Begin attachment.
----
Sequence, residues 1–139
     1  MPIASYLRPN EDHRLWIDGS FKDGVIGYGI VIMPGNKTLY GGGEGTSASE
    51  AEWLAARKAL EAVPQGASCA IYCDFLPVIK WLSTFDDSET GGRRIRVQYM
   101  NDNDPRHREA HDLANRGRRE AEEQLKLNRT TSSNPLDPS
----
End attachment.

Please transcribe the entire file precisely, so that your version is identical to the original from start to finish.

Sequence, residues 1–139
     1  MPIASYLRPN EDHRLWIDGS FKDGVIGYGI VIMPGNKTLY GGGEGTSASE
    51  AEWLAARKAL EAVPQGASCA IYCDFLPVIK WLSTFDDSET GGRRIRVQYM
   101  NDNDPRHREA HDLANRGRRE AEEQLKLNRT TSSNPLDPS